I've mentioned before that I like to listen to books on my iPod.
My mode has been to get books on CD from the library, load them on to iTunes and then upload them to my iPod (people always ask if that's legal - rest assured that I delete them when I'm done). This is a pretty good system, but it can be a little time intensive, what with the importing one CD at a time and then also trying to remember if you were on track A1 or A11 or C28b (hello, 21st century problems, lovely to see you).
Happily, I have found a new option (not that the CD method will be tossed out on its backside entirely). My library system used Overdrive Media, where there are hundreds of titles available for download straight onto your iPod. And these are legitimately awesome books too - new ones, YA ones, award winning ones, classics, children's books. It takes a fraction of the downloading time that manually importing CDs does and they go into the "Audiobook" section of your iPod which means that it bookmarks where you are in the book and you can return straight to it without searching after listening to something else (or, in my case, switching between two books).
I know what you're thinking. "Well, yes, Janssen, it's all well and good for YOU, since you clearly have the best library ever at your fingertips. But my library is the size of a postage stamp and is made out of discarded beer cans." Think again. I'm willing to bet you have access to such a system as well.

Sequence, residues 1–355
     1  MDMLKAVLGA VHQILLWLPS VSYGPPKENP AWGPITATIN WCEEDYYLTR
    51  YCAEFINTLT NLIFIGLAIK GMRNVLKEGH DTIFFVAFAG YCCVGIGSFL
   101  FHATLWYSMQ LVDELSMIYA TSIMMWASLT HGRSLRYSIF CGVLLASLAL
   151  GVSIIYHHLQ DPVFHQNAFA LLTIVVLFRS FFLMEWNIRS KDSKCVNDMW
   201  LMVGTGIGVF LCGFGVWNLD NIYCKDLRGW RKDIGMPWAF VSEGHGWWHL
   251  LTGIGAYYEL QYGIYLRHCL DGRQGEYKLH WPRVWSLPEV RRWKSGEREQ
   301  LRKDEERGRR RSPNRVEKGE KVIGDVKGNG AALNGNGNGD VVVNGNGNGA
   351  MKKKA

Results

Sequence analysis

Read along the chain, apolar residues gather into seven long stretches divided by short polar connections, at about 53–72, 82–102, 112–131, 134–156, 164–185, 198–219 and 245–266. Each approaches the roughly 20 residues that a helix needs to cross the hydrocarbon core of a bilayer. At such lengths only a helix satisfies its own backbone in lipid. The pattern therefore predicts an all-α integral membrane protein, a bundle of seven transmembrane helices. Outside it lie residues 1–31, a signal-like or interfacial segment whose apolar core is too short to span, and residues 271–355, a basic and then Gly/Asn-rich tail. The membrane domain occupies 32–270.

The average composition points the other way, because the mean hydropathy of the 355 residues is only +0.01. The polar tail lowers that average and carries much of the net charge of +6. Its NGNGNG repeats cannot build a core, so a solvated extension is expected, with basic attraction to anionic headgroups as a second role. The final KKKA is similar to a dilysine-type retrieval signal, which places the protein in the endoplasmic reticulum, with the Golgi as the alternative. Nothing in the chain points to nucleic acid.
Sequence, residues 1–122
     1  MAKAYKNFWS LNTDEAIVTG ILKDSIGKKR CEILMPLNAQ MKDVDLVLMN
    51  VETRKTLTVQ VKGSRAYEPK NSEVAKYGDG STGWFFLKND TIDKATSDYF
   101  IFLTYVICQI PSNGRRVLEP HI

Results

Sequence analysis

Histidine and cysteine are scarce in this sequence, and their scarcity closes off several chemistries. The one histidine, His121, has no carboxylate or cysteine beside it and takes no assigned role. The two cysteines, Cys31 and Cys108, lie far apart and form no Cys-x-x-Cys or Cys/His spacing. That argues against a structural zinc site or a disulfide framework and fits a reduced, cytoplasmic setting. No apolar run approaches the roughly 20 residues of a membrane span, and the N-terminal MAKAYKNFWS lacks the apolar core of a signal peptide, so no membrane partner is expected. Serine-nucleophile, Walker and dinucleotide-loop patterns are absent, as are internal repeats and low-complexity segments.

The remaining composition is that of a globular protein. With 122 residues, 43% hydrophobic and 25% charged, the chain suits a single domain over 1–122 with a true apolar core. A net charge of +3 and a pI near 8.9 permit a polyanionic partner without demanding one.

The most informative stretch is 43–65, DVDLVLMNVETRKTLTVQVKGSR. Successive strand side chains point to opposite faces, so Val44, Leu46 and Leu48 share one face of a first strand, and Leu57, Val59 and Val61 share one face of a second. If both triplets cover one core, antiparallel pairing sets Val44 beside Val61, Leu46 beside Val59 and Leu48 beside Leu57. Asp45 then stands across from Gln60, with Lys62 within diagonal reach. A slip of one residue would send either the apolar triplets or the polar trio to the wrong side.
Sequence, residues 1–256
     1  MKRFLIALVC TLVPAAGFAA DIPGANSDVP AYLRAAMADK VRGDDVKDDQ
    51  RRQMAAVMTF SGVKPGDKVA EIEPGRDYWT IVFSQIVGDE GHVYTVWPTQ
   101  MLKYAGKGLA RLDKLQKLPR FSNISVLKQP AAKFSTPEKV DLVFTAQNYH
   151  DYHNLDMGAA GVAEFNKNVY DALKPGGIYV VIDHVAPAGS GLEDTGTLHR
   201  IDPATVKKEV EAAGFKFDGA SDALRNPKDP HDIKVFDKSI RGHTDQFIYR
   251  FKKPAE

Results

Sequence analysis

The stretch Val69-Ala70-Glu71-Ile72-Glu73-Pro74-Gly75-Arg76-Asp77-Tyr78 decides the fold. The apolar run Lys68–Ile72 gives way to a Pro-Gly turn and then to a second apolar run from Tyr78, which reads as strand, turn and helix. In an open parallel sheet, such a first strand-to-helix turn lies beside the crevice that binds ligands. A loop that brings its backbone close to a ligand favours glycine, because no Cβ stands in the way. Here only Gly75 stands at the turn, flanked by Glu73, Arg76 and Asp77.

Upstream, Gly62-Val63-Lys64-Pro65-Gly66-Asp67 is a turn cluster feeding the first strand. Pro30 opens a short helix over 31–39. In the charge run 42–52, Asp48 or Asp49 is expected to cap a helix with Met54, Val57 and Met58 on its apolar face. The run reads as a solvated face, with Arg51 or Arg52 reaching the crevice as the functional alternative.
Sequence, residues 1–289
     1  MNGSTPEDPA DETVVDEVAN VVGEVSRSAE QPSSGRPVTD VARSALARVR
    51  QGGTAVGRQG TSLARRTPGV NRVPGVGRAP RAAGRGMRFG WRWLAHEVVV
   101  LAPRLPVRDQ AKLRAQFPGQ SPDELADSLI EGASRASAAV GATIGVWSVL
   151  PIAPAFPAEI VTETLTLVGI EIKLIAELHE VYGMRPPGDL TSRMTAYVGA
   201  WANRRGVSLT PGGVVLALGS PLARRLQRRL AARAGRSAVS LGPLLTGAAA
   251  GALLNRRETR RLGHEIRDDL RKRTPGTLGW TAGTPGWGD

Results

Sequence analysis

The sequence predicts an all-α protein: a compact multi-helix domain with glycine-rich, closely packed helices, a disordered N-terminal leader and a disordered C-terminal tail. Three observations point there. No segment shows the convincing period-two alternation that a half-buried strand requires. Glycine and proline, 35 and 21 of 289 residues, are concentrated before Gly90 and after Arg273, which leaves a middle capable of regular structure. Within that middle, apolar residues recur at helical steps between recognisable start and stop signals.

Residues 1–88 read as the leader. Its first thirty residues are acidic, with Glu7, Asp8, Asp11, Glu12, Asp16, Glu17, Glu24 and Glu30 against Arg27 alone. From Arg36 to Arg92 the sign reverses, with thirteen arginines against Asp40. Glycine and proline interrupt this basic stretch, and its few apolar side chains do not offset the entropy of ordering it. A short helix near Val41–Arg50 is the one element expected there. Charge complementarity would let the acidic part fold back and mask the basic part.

My friend Julie called a few weeks ago to ask about my audiobook listening and I asked her to tell me the name of her library. While she told me how tiny it was, I googled it and within seconds had discovered that her library had the same feature. With more titles, I noticed jealously.
The Provo library in Utah and the one I went to in Texas both use another version called "NetLibrary." Same basic idea. My parents' library system uses the same one I do (Overdrive Media).
The titles are checked out for only 2-3 weeks at a time, and only one person can have a book out at any one given moment, so you may have to place a request for it and wait for it to come in, but with so many titles, I never have trouble finding SOMETHING I want to listen to. And they are adding titles constantly.
Also, these are very fine recordings, the same as the ones you would get on an audio CD, not read by someone who doesn't actually read very well but is willing to do it for free.
I am rather addicted to browsing the website now, patrolling for new titles, putting items on hold, and listening to my currently checked-out titles as I fold the laundry or vacuum.
Check out your library and see if it offers this service (search for Overdrive Media Libraries by state here) I'll put money on 90% of your libraries doing just that (only a penny, though, because I am cheap).